The UK is well ahead of other European countries in what industry analysts say is the next big trend in the microprocessor world: chipless and fabless design.
Britain accounted for 39.2 percent out of a total of $1.99bn (about £1.27bn) of revenues from European contract design, fabless and silicon intellectual property companies, according to the European Chipless & Fabless IC Design House Report published by UK research firm Future Horizons. These firms, including well-known names such as ARM Holdings, rely on third-party manufacturers, focussing their efforts on chip design.
Sixty-nine of a total of 195 European firms in the sector were located in Britain, Future Horizons said.
"The UK is well out ahead of other European countries in terms of that cycle, it is very de-industrialised," said Future Horizons semiconductor industry analyst Chris Ryan.
Israel had the second-largest share with 15.5 percent, while Germany and Benelux both took in 12.2 percent.
Industry analysts say that such companies, and particularly chip intellectual property (IP) firms, are a growing force in the microchip industry. Fabless companies manufacture their own products but outsource silicon wafer processing to foundries such as Taiwan Semiconductor Manufacturing Co. (TSMC). Contract design companies are used by large manufacturers as a dedicated source of chip designs. Chip IP companies do not build or manufacture complete chips, but design and license chip building blocks to a large customer base of manufacturers.
The biggest semiconductor companies, such as Intel, Texas Instruments or Infineon still control most of their own design and manufacturing process, but they are increasingly turning to third-parties for designs or IP, as chips require more and more complex capabilities. For example, Intel uses ARM designs along with its own technology in the XScale chip architecture for embedded devices such as PDAs and tablet PCs.
"System and semiconductor companies alike are increasingly challenged to find both the knowledge and resources necessary to achieve the mammoth task of managing and designing the complex ICs, and are increasingly resorting to outside expertise," the report said.
Future Horizons said that the European IC design, fabless and chipless sector grew by compound annual growth rate of 29.7 percent between 1995 and 2001, to its current size of nearly $2bn, the European semiconductor industry over the same period declined by 0.6 percent.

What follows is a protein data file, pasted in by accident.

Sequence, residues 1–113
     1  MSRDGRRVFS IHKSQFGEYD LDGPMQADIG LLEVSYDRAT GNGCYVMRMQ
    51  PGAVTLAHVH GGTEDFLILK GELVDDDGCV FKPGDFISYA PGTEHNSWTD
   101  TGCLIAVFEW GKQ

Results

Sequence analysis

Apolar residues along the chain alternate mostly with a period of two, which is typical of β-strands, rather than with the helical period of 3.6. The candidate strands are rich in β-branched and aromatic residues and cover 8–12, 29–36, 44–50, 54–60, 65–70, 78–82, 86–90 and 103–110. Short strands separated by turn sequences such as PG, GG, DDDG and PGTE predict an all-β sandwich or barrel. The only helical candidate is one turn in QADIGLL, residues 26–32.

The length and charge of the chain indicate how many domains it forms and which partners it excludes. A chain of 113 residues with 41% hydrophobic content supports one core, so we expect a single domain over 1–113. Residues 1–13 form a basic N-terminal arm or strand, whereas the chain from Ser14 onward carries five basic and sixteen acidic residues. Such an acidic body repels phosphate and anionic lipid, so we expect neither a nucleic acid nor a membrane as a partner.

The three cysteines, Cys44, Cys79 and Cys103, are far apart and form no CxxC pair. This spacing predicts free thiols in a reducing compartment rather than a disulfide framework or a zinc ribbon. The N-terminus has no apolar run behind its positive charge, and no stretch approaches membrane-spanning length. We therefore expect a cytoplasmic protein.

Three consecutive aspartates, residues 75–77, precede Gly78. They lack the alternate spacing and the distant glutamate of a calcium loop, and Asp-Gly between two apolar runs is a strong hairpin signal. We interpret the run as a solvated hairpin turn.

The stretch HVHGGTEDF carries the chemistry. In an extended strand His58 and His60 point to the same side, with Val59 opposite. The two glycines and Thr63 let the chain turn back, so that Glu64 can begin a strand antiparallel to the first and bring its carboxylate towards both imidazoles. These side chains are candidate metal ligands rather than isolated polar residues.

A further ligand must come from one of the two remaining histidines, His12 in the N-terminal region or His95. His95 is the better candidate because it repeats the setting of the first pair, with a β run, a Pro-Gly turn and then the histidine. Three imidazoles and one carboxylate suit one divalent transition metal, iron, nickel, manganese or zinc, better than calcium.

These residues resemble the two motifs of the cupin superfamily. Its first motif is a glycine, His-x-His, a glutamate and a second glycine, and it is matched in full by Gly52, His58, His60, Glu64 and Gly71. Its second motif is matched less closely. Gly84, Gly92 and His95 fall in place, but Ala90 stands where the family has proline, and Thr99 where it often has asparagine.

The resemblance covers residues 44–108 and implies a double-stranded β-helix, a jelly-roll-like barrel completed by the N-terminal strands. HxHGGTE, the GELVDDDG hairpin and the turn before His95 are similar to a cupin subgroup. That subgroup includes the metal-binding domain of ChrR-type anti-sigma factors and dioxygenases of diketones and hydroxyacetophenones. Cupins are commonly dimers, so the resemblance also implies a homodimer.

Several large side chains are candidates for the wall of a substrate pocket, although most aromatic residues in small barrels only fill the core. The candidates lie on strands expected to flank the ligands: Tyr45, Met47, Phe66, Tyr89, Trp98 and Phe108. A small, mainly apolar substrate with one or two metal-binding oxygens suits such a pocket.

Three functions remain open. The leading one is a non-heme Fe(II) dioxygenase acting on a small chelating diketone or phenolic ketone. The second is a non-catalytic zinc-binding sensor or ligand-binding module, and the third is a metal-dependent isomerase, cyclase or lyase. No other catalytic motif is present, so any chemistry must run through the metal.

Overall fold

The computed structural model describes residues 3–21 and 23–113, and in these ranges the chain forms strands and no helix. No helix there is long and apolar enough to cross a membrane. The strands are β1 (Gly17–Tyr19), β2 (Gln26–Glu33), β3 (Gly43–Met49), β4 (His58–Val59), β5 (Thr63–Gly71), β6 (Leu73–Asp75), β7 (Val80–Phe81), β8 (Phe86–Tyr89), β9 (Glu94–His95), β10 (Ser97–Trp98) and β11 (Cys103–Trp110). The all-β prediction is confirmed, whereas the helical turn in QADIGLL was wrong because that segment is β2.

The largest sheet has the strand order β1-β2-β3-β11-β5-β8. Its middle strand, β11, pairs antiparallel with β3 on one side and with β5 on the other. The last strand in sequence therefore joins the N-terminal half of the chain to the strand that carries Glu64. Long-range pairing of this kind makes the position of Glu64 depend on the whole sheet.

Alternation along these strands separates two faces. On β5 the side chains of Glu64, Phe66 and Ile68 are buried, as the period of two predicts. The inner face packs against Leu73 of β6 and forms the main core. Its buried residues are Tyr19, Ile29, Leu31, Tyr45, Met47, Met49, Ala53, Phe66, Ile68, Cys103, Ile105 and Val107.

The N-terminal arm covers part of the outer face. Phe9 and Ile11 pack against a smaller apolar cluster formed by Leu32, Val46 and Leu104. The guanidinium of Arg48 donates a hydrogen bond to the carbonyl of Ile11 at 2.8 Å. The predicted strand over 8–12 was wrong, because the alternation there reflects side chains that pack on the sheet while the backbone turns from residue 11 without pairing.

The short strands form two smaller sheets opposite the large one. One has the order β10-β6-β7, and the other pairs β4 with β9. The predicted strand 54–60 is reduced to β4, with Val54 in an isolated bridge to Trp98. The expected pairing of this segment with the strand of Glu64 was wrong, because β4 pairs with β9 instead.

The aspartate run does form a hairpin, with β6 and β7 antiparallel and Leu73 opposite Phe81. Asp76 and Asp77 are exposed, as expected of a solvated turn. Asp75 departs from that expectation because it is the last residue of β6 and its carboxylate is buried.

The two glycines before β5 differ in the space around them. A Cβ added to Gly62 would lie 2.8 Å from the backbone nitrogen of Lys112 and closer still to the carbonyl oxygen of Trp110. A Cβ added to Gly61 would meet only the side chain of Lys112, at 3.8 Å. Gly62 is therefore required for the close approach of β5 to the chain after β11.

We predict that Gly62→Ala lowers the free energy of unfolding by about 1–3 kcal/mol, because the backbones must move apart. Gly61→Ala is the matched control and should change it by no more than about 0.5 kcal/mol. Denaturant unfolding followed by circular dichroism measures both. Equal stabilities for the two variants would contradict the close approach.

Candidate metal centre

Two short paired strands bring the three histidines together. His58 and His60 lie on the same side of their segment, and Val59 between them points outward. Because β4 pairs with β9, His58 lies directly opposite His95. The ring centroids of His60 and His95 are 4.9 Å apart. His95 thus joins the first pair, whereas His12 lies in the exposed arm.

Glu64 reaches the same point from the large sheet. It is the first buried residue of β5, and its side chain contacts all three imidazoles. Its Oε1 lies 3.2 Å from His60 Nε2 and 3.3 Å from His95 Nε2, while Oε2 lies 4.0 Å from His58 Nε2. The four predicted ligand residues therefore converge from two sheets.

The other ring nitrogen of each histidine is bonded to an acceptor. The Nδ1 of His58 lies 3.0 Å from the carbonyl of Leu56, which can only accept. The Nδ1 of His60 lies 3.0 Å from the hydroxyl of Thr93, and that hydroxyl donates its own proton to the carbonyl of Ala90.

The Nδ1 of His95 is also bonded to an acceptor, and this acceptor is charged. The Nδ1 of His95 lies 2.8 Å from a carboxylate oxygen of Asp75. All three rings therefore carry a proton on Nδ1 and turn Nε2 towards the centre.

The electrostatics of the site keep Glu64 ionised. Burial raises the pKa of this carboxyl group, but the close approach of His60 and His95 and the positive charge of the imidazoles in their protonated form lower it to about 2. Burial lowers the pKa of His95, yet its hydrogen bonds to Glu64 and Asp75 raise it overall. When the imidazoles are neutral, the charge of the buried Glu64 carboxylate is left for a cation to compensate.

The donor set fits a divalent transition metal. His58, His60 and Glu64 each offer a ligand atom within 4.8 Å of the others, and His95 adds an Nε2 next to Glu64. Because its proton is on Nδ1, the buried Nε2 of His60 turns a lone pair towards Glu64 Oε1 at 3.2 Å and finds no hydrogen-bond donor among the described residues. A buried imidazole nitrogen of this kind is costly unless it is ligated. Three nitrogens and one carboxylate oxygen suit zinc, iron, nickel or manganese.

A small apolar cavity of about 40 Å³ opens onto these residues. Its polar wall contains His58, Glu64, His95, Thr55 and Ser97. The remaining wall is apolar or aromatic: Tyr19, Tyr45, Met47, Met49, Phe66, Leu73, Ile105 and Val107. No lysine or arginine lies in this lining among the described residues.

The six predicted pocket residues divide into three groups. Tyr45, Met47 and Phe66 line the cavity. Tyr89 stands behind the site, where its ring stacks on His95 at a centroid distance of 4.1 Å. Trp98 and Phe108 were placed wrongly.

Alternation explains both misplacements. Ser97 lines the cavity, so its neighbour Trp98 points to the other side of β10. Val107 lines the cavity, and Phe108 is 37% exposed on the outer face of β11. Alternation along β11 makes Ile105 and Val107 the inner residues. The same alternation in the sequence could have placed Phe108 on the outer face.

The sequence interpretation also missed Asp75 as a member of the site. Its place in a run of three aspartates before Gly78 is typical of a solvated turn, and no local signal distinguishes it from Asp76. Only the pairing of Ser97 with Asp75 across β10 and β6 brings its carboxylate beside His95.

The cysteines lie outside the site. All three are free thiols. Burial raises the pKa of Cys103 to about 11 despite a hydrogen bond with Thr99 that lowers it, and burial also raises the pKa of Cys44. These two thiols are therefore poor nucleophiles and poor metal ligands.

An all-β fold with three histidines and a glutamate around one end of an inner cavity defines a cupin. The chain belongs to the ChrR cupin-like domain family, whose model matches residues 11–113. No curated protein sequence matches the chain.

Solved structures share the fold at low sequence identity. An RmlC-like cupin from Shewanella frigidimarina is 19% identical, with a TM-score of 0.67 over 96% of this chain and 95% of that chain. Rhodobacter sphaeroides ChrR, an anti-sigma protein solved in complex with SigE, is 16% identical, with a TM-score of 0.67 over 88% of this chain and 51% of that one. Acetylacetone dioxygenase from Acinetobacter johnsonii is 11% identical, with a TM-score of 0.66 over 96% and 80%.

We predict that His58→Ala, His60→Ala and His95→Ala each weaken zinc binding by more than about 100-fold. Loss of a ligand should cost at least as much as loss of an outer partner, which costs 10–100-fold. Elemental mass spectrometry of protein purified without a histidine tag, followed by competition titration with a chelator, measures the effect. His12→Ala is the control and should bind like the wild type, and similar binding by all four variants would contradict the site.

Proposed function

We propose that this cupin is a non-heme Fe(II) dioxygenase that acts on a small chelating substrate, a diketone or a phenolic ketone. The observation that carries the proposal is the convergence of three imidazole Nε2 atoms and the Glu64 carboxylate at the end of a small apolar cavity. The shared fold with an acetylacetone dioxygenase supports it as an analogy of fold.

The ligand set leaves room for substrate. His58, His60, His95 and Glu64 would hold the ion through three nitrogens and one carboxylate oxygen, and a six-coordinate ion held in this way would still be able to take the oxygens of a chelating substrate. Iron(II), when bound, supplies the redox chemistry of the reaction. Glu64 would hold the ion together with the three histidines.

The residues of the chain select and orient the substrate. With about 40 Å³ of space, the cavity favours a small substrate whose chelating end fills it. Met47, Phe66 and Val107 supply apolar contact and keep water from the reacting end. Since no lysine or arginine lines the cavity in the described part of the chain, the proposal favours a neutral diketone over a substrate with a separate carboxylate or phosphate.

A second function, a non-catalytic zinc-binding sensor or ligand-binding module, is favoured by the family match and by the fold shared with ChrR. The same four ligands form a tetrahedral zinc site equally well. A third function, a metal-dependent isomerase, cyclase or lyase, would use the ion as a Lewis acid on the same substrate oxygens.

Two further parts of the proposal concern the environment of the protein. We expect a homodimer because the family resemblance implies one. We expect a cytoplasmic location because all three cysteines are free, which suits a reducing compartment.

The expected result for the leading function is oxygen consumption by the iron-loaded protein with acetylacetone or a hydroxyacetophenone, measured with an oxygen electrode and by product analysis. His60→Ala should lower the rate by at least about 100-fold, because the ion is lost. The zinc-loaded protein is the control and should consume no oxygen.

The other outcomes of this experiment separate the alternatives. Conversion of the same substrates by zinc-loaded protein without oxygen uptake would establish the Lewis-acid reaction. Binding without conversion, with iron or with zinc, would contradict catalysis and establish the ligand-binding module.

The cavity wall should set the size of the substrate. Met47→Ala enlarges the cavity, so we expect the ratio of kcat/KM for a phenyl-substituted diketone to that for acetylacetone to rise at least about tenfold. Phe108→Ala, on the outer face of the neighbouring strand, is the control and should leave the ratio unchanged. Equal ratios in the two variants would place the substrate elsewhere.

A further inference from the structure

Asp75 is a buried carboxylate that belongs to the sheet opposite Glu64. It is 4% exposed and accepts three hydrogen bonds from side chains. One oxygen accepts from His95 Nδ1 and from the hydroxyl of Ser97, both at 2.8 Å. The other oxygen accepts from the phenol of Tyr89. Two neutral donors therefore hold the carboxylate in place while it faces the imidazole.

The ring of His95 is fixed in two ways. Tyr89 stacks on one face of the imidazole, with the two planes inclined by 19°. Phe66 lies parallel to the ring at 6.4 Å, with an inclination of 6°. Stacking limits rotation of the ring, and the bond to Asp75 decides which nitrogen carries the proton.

IC design firms first became a force in the industry in the early 1980s, with fabless companies emerging in the late 1980s and chip IP companies, or "chipless" companies, becoming mainstream only in the mid-1990s, according to Future Horizons. IC design activity is now decreasing, with the emphasis increasingly on fabless and chipless firms.
Other examples of chipless companies are ARC International of the UK and Rambus and Mips of the US, while well-known fabless chip makers include Broadcom and 3DLabs of the US.
Ryan said that the UK's strength in the contract design, chipless and fabless sector is partly due to a strong pool of design skills in the country, and partly because Britain no longer has many large electronics companies.
"There aren't many electronics companies left in the UK that originate in the UK. Those companies have shrunk to a very small percentage of the GDP," he said. "Those designers have started their own companies over the past 20 years."
Other European countries still have world-class semiconductor manufacturers, including ST Microelectronics, the result of a French-Italian merger, which is headquartered in Geneva; Infineon, in Germany; and Phillips in the Netherlands.
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